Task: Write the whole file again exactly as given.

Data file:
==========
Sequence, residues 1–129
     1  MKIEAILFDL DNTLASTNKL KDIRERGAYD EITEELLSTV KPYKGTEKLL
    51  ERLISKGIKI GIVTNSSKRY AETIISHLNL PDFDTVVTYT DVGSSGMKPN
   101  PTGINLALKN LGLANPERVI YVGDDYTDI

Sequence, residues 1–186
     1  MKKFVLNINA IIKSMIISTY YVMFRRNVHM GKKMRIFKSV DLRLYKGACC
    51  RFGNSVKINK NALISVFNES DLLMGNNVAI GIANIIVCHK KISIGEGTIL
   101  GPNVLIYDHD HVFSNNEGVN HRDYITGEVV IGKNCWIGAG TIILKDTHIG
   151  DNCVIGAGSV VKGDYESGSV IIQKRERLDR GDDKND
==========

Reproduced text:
Sequence, residues 1–129
     1  MKIEAILFDL DNTLASTNKL KDIRERGAYD EITEELLSTV KPYKGTEKLL
    51  ERLISKGIKI GIVTNSSKRY AETIISHLNL PDFDTVVTYT DVGSSGMKPN
   101  PTGINLALKN LGLANPERVI YVGDDYTDI

Sequence, residues 1–186
     1  MKKFVLNINA IIKSMIISTY YVMFRRNVHM GKKMRIFKSV DLRLYKGACC
    51  RFGNSVKINK NALISVFNES DLLMGNNVAI GIANIIVCHK KISIGEGTIL
   101  GPNVLIYDHD HVFSNNEGVN HRDYITGEVV IGKNCWIGAG TIILKDTHIG
   151  DNCVIGAGSV VKGDYESGSV IIQKRERLDR GDDKND